This seems to suggest that Woodroffe thinks that "sinking island idea" is alive and well.


The Auckland study is science, and that science indicates that island morphology tends to "rise to the occasion,"...
And yet it doesn't seem to be doing so in all of the islands nor in the centers of the islands. Perhaps you require the island people to live on the coastline ridges that seem to be last to disappear?


...namely, that regardless of sea levels, there will be islands.
Straw man. Nobody is claiming that all the islands in the world are disappearing completely.

Meanwhile, here are some papers on the global sea levels (http://agwobserver.wordpress.com/2009/10/12/papers-on-global-sea-level/).

peterf
2010-Aug-01, 07:18 AM
Before I continue, I'd like to make something perfectly clear: Nothing I've said has ANYTHING to do with either pro-AGW or anti-AGW schools of thought. Any attempt at insinuating otherwise, for any purpose, is utterly absurd, and quite contrary to what I clearly stated yesterday: "Keeping very well in mind both pzkpfw's comments, as well as steering clear of BAUT's ban on any and all AGW issues, I'd like to tackle the comments made thus far, focusing solely on the few dealing specifically with "how (whether) we'd adapt given the results" as per pzkpfw's post."

dude, listen to yourself. you sound scared senseless! no need to wet your pants...
despite pzkpfw's proudly displayed tank fetish, he probably doesn't have any at home... so, relax! :)

mugaliens
2010-Aug-01, 07:52 AM
"dude, listen to yourself. you sound scared senseless! no need to wet your pants..."

Yes, I'm "scared senselesss." I've been issued an infraction merely because of the perception of AGW commentary, despite the fact I made it perfectly, if not exceptionally clear in my first post on this thread that no such commentary would be coming from my corner.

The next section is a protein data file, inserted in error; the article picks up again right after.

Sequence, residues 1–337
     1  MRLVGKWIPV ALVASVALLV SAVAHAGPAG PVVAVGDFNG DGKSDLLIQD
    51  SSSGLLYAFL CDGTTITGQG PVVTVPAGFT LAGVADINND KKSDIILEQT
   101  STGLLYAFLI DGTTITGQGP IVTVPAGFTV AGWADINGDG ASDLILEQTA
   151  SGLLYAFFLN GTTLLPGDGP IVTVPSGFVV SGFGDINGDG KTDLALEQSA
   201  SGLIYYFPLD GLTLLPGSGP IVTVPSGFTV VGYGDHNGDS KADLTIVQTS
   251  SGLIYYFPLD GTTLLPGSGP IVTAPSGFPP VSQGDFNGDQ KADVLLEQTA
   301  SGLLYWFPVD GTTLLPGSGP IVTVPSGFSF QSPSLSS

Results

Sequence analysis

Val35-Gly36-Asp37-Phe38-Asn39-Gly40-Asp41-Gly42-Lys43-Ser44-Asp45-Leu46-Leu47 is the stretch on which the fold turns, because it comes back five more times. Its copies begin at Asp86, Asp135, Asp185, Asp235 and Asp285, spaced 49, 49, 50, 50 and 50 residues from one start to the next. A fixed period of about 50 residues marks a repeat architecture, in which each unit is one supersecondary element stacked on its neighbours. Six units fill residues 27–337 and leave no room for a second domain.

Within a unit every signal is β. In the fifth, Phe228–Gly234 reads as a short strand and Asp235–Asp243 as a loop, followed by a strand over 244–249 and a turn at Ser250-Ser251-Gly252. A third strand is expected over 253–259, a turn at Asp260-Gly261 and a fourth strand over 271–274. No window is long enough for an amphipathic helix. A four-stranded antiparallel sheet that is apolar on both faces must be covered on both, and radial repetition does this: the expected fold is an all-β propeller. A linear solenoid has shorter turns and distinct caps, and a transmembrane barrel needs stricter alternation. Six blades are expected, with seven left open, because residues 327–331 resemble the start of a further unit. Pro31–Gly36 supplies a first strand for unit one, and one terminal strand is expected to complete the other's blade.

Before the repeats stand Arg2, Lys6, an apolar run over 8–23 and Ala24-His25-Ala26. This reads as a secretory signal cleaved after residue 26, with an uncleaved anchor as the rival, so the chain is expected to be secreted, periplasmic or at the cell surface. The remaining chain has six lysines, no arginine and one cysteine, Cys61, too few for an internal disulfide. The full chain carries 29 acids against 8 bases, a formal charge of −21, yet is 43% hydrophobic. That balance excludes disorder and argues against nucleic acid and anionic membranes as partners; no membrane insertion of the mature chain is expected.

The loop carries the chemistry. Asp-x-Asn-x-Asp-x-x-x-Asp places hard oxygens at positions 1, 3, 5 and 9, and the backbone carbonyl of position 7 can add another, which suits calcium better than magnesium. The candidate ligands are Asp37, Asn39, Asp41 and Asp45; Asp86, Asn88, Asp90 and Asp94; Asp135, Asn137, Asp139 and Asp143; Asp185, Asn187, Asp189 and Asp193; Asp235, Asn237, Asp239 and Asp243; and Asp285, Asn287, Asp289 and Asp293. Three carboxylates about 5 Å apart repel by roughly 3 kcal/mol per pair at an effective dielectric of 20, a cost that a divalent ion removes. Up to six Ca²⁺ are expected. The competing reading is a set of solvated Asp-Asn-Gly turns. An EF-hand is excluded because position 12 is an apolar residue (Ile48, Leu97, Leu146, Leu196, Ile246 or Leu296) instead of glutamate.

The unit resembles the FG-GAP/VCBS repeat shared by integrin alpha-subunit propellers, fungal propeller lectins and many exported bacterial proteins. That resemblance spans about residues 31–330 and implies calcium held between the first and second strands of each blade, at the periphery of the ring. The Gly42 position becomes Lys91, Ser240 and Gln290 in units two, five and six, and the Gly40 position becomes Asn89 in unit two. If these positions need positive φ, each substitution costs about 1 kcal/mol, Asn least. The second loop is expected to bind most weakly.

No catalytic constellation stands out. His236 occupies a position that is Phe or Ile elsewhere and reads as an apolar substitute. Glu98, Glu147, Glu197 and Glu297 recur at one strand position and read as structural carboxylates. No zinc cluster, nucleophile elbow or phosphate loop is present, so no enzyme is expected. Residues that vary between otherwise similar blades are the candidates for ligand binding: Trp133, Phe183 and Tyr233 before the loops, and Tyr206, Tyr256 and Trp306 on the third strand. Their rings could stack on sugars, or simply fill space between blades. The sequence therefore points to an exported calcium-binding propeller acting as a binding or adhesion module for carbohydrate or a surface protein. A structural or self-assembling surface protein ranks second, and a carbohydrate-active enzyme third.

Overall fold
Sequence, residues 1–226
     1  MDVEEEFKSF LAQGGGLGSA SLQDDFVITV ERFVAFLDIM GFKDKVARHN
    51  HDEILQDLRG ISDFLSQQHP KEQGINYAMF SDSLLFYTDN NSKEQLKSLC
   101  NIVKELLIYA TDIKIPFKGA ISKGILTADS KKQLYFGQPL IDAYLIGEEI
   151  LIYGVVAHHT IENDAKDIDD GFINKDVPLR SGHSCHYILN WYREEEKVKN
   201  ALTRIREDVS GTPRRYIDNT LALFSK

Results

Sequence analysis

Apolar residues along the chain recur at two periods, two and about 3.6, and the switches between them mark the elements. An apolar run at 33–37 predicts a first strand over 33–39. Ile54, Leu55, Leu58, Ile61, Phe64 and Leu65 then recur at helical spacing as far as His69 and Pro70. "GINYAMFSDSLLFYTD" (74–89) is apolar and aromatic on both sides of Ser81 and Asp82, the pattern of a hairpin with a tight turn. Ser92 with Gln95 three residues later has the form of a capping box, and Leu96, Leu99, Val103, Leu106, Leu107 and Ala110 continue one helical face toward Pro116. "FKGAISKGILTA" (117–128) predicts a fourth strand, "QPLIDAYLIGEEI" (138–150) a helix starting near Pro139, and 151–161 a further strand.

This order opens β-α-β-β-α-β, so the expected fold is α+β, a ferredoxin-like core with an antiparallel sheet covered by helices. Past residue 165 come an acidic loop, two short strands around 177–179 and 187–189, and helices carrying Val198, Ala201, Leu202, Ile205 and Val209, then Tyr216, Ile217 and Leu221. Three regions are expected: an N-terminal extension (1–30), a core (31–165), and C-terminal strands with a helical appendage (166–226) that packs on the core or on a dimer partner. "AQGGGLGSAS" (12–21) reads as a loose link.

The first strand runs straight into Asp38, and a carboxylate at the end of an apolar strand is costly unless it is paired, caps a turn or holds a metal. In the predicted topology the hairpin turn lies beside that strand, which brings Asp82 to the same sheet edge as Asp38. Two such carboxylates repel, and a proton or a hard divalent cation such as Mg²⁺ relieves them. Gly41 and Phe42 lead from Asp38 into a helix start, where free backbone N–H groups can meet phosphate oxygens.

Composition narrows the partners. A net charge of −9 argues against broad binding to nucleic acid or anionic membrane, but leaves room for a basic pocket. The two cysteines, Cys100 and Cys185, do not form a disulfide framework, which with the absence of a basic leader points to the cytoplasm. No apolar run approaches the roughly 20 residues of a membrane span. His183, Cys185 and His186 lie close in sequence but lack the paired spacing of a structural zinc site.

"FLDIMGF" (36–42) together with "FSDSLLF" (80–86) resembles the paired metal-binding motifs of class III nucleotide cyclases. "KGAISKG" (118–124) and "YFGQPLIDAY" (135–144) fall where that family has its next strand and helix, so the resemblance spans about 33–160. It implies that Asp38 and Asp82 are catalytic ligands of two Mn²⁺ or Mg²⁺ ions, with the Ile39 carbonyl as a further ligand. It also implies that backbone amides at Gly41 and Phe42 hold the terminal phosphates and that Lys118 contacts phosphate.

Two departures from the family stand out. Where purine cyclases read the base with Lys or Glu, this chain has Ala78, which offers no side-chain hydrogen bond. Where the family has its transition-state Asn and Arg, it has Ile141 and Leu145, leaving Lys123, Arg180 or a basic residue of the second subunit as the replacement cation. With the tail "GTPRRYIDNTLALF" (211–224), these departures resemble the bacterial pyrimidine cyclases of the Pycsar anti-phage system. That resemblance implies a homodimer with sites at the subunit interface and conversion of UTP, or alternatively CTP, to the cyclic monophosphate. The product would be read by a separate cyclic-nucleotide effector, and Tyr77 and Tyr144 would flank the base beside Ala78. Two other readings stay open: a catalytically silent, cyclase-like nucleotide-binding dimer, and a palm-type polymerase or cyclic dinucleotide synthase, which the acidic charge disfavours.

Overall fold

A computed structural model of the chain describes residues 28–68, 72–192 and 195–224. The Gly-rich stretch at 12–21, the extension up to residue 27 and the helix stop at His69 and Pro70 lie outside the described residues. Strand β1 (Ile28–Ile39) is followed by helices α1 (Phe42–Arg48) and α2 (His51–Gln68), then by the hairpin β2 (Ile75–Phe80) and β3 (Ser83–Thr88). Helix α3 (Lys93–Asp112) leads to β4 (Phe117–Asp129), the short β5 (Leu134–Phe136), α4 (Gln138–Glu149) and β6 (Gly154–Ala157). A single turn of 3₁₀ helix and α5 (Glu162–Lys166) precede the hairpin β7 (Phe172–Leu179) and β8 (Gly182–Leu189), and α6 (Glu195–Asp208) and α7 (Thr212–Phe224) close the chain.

If you'd like to discuss it further, please PM me.

Trakar
2010-Aug-01, 08:44 AM
...Ok. let's talk science (like we weren't before??? :question:): Associate Professor Paul Kench of the University of Auckland took part in the study I referenced earlier...

Sounds okay to me, though I'm a bit concerned about using private news publications as their recent record of "reporting" often demonstrates gross distortion and editorializing beyond the normal bounds of the assigned opinion pages (on all sides of the issue - and this is to include many if not most of the pop-sci digests and magazines). I think we should be able to make the case for our independent understandings of the science then cite or reference peer-reviewed, journal published science as well as the statements and publications of the relevent mainstream scientific organizations and noted researchers which we feel support and shape those understandings. In the end, I'm not sure that it is up to us, but if we are allowed a say, that is where I am coming from, ...I'm open, however, to persuasion if there is a compelling argument for modifications to my position.

Trakar
2010-Aug-01, 08:59 AM
Sea level rise is not quite the same as sinking islands. Indeed, I'm not even claiming that there is a currently detectable rise in sea level...


The rise is occurring, though half (or more) of the current rise is due to the expansion of warming seas rather than through melting glaciers and ice caps.

http://sealevel.colorado.edu/

Understanding global sea levels: past, present and future - http://academics.eckerd.edu/instructor/hastindw/MS1410-001_FA08/handouts/2008SLRSustain.pdf

Sea Level Rise, After the Ice Melted and Today - http://www.giss.nasa.gov/research/briefs/gornitz_09/

Nereid
2010-Aug-01, 01:21 PM
Given that there is no prospect of a political settlement over global warming, can we expect civilisation to end by 2100? Will science find a way to make the world liveable? Will the worst case scenario be the best fit scenario, or will the results be more mild then we expected?
Question to the OP: by "global warming", are you referring to just the expected rise in average global temperature, and/or diverse changes in local climates (including such things as increases in storm intensity and frequency), and/or the expected knock-on effect of rising sea levels (globally)?